This Pagoda and the people enjoying it was our first real Myanmar experience. Julie, found it very emotional, almost overwhelming. In a good way. A perfect introduction to Myanmarese culture.
It’s not Central Park
From the temple, we headed across the road to the People’s Park. Entrance costs US$3, with an additional US$3 camera fee if you plan on taking photos. The camera fee is quite standard not only in Myanmar but other parts of South East Asia.
Along with courting couples, the park is home to an array of plant life, much of it indigenous to Myanmar. Randomly a couple of old planes have been dropped in one corner. Have to admit that the park is a bit barren and apart from offering a different view of the Shwedagon Pagoda there’s little to get excited about.
The Immense Chaukhtatgyi Buddha
After a tricky conversation and much map pointing, we persuaded a taxi driver to take us to our next port of call. Having a map with you with the local spellings certainly helps.
In what looks like an aircraft hanger, one of the most revered and largest reclining Buddhas rests. From tip to toe, this reclining Buddha is 66 metres (217 feet). The scale is vast, the glass eyes alone are nearly two metres wide. That said, it only takes 10 minutes or so to wander around.
Dodging the traffic, we crossed the road to visit the Ngahtatgyi Buddha Temple. The pagoda is home to a 10 metre high seated Buddha.
Cheap as chips, the Circular Train
The following day we spent the princely sum of US$0.15, yep that’s not a typo. Fifteen US cents buys you an incredible three-hour journey covering a large slice of life in Yangon.
The circular train leaves platform 7 of the central station and travels 46 kilometres (28.5 miles) through the city, into the surrounding lush countryside and back again scooping up commuters along the way.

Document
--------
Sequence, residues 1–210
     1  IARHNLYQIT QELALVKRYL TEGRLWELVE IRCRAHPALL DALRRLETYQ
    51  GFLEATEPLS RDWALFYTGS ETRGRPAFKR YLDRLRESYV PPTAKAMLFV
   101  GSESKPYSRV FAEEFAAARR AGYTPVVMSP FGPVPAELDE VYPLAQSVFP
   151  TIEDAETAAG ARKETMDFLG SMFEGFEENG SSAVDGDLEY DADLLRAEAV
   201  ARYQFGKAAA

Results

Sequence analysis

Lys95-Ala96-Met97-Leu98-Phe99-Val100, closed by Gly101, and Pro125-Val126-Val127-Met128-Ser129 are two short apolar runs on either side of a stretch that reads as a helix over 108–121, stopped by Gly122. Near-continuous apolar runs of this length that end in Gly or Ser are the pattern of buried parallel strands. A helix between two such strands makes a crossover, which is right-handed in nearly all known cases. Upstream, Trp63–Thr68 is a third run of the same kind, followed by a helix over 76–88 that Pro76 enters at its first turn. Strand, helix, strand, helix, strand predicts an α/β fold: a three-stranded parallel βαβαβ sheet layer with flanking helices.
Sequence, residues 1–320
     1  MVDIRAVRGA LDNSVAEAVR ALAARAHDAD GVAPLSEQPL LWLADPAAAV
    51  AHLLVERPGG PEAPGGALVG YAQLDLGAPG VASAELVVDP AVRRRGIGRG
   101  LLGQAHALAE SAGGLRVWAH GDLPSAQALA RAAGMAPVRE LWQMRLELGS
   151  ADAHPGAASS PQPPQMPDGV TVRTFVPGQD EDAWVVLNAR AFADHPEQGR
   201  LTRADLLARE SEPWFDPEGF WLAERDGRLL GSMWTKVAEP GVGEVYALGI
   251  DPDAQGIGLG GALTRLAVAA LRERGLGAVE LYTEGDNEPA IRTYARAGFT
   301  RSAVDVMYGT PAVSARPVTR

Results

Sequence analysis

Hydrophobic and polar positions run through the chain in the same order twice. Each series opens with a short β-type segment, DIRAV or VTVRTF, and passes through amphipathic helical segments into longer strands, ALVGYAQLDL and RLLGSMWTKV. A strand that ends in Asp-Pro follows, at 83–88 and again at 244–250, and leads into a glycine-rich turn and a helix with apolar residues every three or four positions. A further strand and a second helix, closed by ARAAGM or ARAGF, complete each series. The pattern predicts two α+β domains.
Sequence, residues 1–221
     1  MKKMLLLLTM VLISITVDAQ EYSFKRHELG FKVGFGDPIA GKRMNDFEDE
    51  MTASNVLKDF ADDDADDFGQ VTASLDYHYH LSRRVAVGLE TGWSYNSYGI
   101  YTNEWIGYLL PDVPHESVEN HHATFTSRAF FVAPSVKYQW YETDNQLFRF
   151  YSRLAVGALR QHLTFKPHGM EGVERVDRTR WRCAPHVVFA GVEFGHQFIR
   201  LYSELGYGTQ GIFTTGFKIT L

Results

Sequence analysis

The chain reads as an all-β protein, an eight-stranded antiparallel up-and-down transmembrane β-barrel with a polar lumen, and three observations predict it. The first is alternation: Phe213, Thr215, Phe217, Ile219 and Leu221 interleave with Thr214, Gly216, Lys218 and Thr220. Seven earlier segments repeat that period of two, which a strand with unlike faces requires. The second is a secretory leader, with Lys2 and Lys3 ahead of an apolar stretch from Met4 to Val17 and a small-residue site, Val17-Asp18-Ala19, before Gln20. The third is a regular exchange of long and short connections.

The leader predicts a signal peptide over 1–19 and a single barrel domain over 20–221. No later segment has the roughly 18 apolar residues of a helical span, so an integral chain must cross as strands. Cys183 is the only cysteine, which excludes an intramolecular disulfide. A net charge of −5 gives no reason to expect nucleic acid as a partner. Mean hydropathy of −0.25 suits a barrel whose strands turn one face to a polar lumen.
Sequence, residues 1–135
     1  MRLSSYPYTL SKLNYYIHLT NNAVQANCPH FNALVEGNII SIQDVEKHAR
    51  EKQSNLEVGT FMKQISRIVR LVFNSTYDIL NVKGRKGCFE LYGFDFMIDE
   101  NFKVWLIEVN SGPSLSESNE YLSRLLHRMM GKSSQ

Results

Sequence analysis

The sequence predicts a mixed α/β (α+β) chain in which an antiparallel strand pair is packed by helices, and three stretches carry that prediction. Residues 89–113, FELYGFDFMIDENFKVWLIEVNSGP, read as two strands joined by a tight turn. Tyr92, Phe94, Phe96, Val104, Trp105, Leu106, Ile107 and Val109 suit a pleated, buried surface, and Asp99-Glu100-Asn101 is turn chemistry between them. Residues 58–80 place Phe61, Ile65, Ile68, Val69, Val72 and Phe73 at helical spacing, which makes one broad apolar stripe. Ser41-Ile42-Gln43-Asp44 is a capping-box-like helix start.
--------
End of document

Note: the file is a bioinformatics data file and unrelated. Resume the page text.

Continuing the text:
First thing in the morning is the perfect time to experience daily life. The train is buzzing with locals going back and forth to the markets, passing baskets of food through the windows. These markets swamp the various station platforms; then they give way to dense green fields of watercress. Farmers knee deep in water tending to their precious crops.
Some of the journey does tug at the heartstrings. Abject poverty is visible along the route. The most poor scrapping a living amongst the waves of rubbish that drift along the tracks.
Ladies with ladened food trays perched on their heads plied their trade throughout our journey.
The number of passengers ebbed and flowed as we passed through the many stations. We found ourselves sitting on opposite sides of the carriage to get different views. At one stop the train filled up quickly, and a local family joined Julie. As usual, there were lots of smiles and giggles, particularly notably when they offered her a taste of a snack purchased from one of the ladies with the trays. Lots more giggles as Julie bit into a slice of fruit covered in chilli flakes. Apparently, it tasted quite good.
We rounded off our three days in Yangon with a self-guided walk (Lonely Planet Book) of the old town. As we weaved in and out of narrow streets, we discovered old colonial buildings. Some standing proud, some sagging, as time and abandonment take their toll. Pansodan Road is home to a bustling outdoor bookstore with tens of books stalls lining the street. If you haven’t already, you can pick up a copy of George Orwell’s “Burmese Days”. An intriguing insight into all that was wrong with the British rule of Burma. Or a more attention grabbing sub headline of 'A Saga of Jungle Hate & Lust'.
Having walked up an appetite, we grabbed lunch at 999 Noddles. A bargain at just NZ$5.50 (US$4) for three delicious dishes and two drinks.
Yangon is a fascinating city with plenty to see and do. Some of the gems can easily be found, and some need a little uncovering. The noise level on the streets can be a bit overwhelming at times. Taxi drivers appeared to have their hands glued to the horn. The cacophony of noise adding to the buzz of this intriguing city.
But we were ready for something a bit more peaceful and beautiful. The temples of Bagan were beckoning. Read more in part two, coming soon.
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Next Bite: The Beautiful Bagan Temples